Much like induction, this is essential to make predictions about distant parts of the universe, but it is also subject to a similar problem. Empirical evidence of the Cosmological Principle consists of the fact that the universe looks roughly isotropic and homogeneous from Earth, and then the generalisation from that to the idea that it looks isotropic and homogeneous from everywhere because Earth isn’t special. This is clearly circular. We have no good reason to use the Cosmological Principle, but we kind of have to in order to study the universe.

Assumption 4: Occam’s Razor

Occam’s Razor is the well-known idea that a scientific theory should not use more concepts than are necessary to explain what it explains. You should prefer simpler theories. This isn’t especially critical, and is generally overridden when a more complicated theory has greater explanatory power than a simpler one. However, it is still used to choose which of two theories to prefer, all other things being equal.

But there’s no reason to believe simplicity leads to truth. It’s just a rule of thumb, nothing more. It’s used largely arbitrarily, because we need some way of distinguishing between theories and choosing which to investigate. It’s another unjustified assumption that we need for science to work.

Conclusions

We need these assumptions. Sure, science is not totally justified, but we still need science. Without science, we wouldn’t be able to know anything. As Wittgenstein pointed out, if we were to take this kind of skepticism seriously, it would end up getting silly. We wouldn’t be able to function. So we need to assume things. Maybe somewhere else, there are some aliens that have developed a scientific method with different, but similarly arbitrary, assumptions, and come to different conclusions that still work. But we can’t do away with arbitrary epistemological assumptions altogether and expect to have a functional civilisation.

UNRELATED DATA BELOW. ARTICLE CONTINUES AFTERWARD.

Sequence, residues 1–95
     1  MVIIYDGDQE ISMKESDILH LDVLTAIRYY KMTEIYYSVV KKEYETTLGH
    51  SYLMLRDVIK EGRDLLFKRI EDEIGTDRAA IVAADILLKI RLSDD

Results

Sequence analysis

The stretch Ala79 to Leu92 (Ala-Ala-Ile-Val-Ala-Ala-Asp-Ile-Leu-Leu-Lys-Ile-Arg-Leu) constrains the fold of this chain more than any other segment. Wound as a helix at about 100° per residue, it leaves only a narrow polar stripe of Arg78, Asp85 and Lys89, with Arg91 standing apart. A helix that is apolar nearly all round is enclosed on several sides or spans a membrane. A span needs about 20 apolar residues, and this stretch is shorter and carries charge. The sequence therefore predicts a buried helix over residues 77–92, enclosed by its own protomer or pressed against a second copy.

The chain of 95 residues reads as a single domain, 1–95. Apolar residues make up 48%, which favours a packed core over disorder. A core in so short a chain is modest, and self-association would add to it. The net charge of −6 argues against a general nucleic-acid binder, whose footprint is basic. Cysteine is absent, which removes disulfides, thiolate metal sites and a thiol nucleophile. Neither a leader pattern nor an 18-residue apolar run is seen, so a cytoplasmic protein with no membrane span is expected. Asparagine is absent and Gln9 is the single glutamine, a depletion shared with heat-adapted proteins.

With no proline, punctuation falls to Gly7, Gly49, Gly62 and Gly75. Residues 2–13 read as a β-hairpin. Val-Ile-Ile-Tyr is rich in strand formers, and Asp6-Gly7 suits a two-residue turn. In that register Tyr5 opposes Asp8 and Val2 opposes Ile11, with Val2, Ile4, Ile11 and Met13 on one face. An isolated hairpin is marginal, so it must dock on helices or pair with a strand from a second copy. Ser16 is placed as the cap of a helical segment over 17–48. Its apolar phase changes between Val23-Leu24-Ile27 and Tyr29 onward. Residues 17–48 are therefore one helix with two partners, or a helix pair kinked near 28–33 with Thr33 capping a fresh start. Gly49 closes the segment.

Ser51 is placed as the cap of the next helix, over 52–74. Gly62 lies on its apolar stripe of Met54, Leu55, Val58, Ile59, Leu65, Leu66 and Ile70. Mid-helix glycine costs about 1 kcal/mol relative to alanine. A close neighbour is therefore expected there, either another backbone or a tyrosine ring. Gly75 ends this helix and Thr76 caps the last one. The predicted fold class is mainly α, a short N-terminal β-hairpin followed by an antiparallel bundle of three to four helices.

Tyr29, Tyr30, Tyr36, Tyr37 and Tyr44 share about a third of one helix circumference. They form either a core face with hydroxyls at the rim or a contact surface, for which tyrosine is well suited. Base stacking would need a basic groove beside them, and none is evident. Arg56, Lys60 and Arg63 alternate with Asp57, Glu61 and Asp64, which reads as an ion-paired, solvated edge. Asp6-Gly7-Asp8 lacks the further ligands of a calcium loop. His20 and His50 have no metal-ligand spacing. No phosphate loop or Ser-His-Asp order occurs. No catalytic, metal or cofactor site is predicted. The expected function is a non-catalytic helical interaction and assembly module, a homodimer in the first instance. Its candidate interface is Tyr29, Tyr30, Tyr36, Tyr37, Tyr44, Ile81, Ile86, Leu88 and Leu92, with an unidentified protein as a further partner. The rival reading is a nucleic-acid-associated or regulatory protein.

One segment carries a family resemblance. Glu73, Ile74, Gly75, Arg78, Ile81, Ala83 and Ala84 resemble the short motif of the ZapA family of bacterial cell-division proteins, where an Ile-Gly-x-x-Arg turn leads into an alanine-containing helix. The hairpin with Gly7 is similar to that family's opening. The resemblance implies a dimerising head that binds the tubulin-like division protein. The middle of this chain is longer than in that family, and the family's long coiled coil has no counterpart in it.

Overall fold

The Chain Gang

“taraTAN taraTAN tararataTANTAN!”

In the distance, a bevy of snare drums beat a harsh and unrelenting tattoo.

“taraTAN taraTAN tararataTANTAN!”

The crowd of onlookers pushed forward against the barrier in front of the pothole-ridden road, each excited breath forming a wisp of water vapour in the crisp, clear winter air.

“taraTAN taraTAN tararataTANTAN!”

Two children darted among the forest of legs, trying to get a better view of the spectacle that was to come, their enthusiastic shouts piercing through the cold above the sharp and ever-approaching beat of the drums.

“taraTAN taraTAN tararataTANTAN!”

A dead-eyed soldier watched the crowd carefully, pacing back and forth in heavy boots, her rifle angled towards the ground.

“taraTAN taraTAN tararataTANTAN!”

Then the grim procession began to come into view. A stern-faced officer goose-stepped at its head, a row of medals on chest, glinting in the low, pale Sun against the dark-green wool of his dress uniform. The tassels on his epaulettes swung in time to the beats of his brightly-polished boots against the rough tarmac.

“taraTAN taraTAN tararataTANTAN!”

Next came the drummers, in a perfect row, each in an identical, maroon beret. The sticks became a blur, vibrating in that beat that just kept going and going.

“taraTAN taraTAN tararataTANTAN! taraTAN taraTAN tararataTANTAN! taraTAN taraTAN tararataTANTAN!”

It was only then that I saw the prisoners. Each shaven head, bruised and bloody, staring at the manacled feet of the next. They shuffled steadily forwards, occasionally prodded back into line by a rifle-butt.

“taraTAN taraTAN tararataTANTAN!”

And a murmur spread among the crowd, growing to a roar, and becoming a low, steady boo. An incomprehensible shout pierced the monotone every few seconds. Coherence was soon lost, and the air began to writhe with jeers and shrieks and rotting projectiles, as the pathetic chain-gang passed, headed for the train that would take them away to the far-flung North.